A British man has been charged in the kidnapping of two Western journalists in Syria, police said Tuesday, adding to growing concerns about foreign extremists traveling to the civil war-stricken Arab state and posing a future threat to the West.
Shajul Islam, 26, was arrested on suspicion of terror offenses on Oct. 9 at London's Heathrow Airport after arriving on a flight from Egypt alongside a 26-year-old British woman. The woman, who has not been named, was released without charge earlier Tuesday.
Islam was accused of working with others to "unlawfully and injuriously imprison" two photographers, Briton John Cantlie and his Dutch colleague Jeroen Oerlemans, against their will between July 17 and July 26 in Syria, police said. He was remanded in custody and expected to appear in a London court on Wednesday.
The abduction of the veteran journalists raised concerns that British Muslims might be slipping into Syria to join extremists. The photographers said after their week-long ordeal that some of their captors spoke with British accents.
Oerlemans, a prominent Dutch photographer who was shot twice during a failed attempt to escape from his captors, told The Associated Press last week that the ages of Islam and the released woman appeared to be consistent with the ages of the people who held him hostage shortly after he entered Syria on July 19. But he said there were no women involved in the kidnapping.
Police have declined to comment on British press reports that one of the pair picked up at the airport may be a British National Health Service doctor believed to have been involved with an Islamist terror group in Syria.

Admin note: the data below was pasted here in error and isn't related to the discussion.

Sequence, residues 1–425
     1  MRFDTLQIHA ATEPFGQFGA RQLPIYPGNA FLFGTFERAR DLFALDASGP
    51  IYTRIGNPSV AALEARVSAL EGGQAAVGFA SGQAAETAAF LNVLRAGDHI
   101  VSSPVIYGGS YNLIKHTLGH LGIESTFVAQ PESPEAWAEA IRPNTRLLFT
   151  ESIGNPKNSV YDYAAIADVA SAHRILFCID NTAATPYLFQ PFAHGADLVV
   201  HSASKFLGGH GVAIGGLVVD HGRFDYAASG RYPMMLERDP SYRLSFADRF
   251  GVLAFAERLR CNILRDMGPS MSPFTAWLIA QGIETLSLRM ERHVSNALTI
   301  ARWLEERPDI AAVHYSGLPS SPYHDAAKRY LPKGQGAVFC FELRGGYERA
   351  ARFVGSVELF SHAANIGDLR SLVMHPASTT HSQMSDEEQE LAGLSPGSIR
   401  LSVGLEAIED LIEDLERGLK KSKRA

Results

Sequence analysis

Cantlie, who had worked for the Sunday Times newspaper, had said that none of his captors were Syrian.
"They were from anywhere but Syria. They were from Bangladesh, they were from Pakistan, they were from the U.K., they were from Chechnya, the Caucuses — a real mix," he told the BBC in an interview.
Cantlie also said that one of his captors claimed to be a British medic who said he had taken a sabbatical from his work so that he could treat wounded fighters in Syria.
"I asked for his help as we were both from London, but he refused to even send a text to my girlfriend to say we were alive. He said he would be beheaded if he did," Cantlie was quoted as saying in the Daily Mail.
European intelligence officials had said there is evidence that foreigners — including British and French nationals — have joined the fight against Syrian President Bashar Assad's regime, but the number of foreign extremists involved in the conflict remains unclear.
British officials have said fewer than 100 nationals or people with links to Britain are thought to have traveled to Syria to fight against Assad's regime.